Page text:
Covid-19 update 19/07/21
Due to the current Covid-19 pandemic we have brought into place a number of protocols to protect you and our staff. We request that if able you wear a mask and use alcohol gel when entering and leaving the clinic.
While Scotland has moved to level 0 we will still be requiring the wearing of face coverings if you are able and clinical staff will wear medical grade face masks and appropriate PPE for the tasks being undertaken.
If you would like to enquire about an appointment we can arrange a call from a member of our clinical staff. We will arrange a time for them to call you and they will discuss potential treatment options as well as an indication of cost.
Orthotic Assessment in Glasgow and Edinburgh
Your orthotic assessment will be taken by a fully qualified Orthotist with a broad scope of clinical experience and registration with Health and Care Professions Council (HCPC). A member of our clinical team may contact you prior to your assessment to introduce themselves and gain information which will help them to prepare for your appointment. We will also email an online form prior to your initial appointment to help our clinician understand your needs.
Following your assessment, if it is clinically indicated, we will measure you for a specific orthosis with the aim to try and restore your functional loss. We'll always have a chat with you about costs and the various options available and ensure you are happy to proceed. An orthosis isn't always be required and you might be given a self-management or stretching programme with advice to seek a referral to another health professional or even our Sports Therapist.
For more infomation see our blog on 'What to expect from your Orthotic appointment'
Biomechanical Assessment in Glasgow and Edinburgh
We offer Biomechanical Assessments in our Glasgow clinic. It takes 40 to 60 mins for a fully qualified Orthotist with extensive biomechanical knowledge & experience and who is registered with the Health and Care Professions Council (HCPC). The RS Scan force plate platform embedded into our clinical walkway allows us to capture force, pressure and impulse readings at 500 frames per second. The static and dynamic pressure mapping in conjunction with your detailed visual gait assessment will allow our clinician to give you accurate orthotic and footwear advice as well as self-management and stretching tips to help minimise injury occurrence. A detailed visual and numerical biomechanical report printed for your own records is available on request at no extra cost.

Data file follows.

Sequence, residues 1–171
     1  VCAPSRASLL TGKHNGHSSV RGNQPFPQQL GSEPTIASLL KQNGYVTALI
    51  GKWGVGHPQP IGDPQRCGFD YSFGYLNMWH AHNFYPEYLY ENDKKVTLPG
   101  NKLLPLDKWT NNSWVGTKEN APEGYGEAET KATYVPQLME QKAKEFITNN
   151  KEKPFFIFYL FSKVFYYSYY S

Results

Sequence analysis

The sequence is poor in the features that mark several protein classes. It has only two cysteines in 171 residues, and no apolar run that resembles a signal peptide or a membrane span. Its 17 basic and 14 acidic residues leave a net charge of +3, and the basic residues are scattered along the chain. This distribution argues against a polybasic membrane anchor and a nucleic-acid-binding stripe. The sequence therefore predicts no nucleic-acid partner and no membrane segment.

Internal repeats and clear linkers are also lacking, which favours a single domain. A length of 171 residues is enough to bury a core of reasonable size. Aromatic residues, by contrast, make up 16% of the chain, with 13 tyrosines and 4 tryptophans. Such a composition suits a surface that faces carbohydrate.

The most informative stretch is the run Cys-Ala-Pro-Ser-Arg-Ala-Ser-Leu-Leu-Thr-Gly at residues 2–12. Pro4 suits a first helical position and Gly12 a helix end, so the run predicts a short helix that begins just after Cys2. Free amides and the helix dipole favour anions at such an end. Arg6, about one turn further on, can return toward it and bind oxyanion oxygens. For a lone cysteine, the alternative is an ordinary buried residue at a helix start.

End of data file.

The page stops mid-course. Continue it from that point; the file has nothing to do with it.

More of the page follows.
The aim of a biomechanical assessment is to identify any abnormal movements which can lead to stress in the joints and muscles. Poor movement patterns can often lead to injuries or conditions such as plantar fasciitis and lower back pain.
For further information see our blog post 'What happens during a Biomechanical Assessment'
What is the difference between a Biomechanical Assessment and an Orthotic Assessment?
The difference between our two assessment types is slight and is used as an indication as to the clinician as to what you may be wanting.
Regardless of what appointment you select our clinician will perform the most clinical appropriate assessment for your presentation or symptoms.
An Orthotic assessment will always include an appropriate biomechanical component as it is vital to any orthotic evaluation. The use of pressure scanning is also used in an orthotic assessment when appropriate.
A Biomechanical assessment would indicate that you feel you have a biomechanical issue but are potentially symptom-free. Often a biomechanical assessment is more commonly used when assessing sports injuries.
Whatever assessment type you select, the clinician will perform a detailed assessment of your body alignment, biomechanics, muscle strengths and gait.
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